5. When They See Us (2019)

The true story of the Central Park Five – a group of African-American and Hispanic teenagers falsely accused and tried for the rape and assault of a white jogger in New York’s Central Park in 1989 – is the story behind this incredible four-part miniseries for the directed by DuVernay. Jharrel Jerome, Ethan Herisse, Asante Blackk, Caleel Harris and Marquis Rodriguez play the suspects, five kids like many others who are out and about in the park when the police arrive to investigate the crime. They are rounded up, threatened, beaten and forced to make false confessions that lead to jail. Over ten years later, the real culprit confesses to the crime and the five are released but the prison scars are slow to heal.

6. See You Yesterday (2019)

Science fiction and social justice are intertwined in this major debut film by Stefon Bristol, which centers on the story of two best friends, CJ (Eden Duncan-Smith) and Sebastian (Danté Crichlow), teenage prodigies with a talent for science, who manage to invent portable time machines for a school occasion. But the stakes get higher and higher when CJ’s brother (Brian Vaughn Bradley, Jr) is mistaken for a thief and killed by a cop. Determined to save him, they decide to go back in time and try to rewrite history without tampering with the space-time continuum. An energetic comedy about friendship that winks at Back to the Future, and then morphs into an intense thriller about racially motivated shootings and the gritty reality of living in a fragmented community.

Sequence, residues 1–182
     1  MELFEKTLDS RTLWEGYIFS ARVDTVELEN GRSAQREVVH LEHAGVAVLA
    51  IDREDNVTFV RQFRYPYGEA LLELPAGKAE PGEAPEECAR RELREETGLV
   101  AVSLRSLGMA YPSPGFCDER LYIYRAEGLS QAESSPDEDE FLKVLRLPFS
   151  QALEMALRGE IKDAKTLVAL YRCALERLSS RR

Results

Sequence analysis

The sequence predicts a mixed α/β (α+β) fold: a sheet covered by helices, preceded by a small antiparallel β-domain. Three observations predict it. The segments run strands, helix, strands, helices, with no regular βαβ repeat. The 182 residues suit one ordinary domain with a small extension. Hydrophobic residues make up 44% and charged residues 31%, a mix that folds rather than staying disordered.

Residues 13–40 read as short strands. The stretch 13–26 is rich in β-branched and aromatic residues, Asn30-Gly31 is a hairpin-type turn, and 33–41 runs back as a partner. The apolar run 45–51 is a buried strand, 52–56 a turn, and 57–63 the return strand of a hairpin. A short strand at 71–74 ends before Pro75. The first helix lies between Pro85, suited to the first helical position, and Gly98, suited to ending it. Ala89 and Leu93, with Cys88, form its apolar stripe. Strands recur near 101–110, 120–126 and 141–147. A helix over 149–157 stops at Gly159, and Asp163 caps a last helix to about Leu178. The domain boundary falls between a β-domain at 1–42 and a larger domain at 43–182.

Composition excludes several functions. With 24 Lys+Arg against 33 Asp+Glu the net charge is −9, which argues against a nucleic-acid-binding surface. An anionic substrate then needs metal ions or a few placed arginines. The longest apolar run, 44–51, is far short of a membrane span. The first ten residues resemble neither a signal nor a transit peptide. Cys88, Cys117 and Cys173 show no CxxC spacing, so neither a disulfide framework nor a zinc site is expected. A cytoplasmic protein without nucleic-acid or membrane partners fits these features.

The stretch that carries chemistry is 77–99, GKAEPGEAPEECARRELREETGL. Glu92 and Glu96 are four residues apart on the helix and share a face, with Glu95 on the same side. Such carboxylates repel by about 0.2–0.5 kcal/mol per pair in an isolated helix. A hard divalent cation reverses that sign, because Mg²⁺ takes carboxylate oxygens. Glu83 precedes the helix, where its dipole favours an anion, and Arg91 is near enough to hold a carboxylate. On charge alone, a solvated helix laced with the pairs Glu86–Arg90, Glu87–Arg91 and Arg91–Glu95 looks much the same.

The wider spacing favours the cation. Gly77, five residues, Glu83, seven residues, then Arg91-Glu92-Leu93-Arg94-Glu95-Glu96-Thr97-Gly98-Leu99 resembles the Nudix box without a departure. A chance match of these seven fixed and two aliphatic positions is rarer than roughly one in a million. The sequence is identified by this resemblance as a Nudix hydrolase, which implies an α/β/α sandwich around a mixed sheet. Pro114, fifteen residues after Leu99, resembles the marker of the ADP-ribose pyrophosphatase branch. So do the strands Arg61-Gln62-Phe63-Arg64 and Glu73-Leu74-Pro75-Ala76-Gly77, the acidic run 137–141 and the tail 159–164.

7. From 5 Bloods – Like Brothers (2020)

“When you take 20 million blacks, you send them to fight all your wars and collect all your cotton without ever giving them a real reward, sooner or later their loyalty will run out.” It’s a speech from Malcolm X, woven into the opening cut of this furious action film directed by Spike Lee. It tells the story of four African-American veterans of the Vietnam War who return to Southeast Asia to recover the remains of their platoon leader (Chadwick Boseman). Reflecting on their years of military service, they wonder why they fought for a government that would never support them. A shocking drama that speaks powerfully of the present moment

7. Malcolm & Marie (2021, on Netflix February 5)



Zendaya and John David Washington are the protagonists of this complex love story, written and directed by Sam Levinson of Euphoria. The trailer tells of an evening… It should have been a happy evening, with him, the director, just acclaimed by his audience for the release of his new film. And instead … unspoken words, forgetfulness, habits all emerge together, that very evening. And we don’t know how it will end. But there are those who say that the film could be one of those that for the second time after Rome “gives” an Oscar to the streaming platform.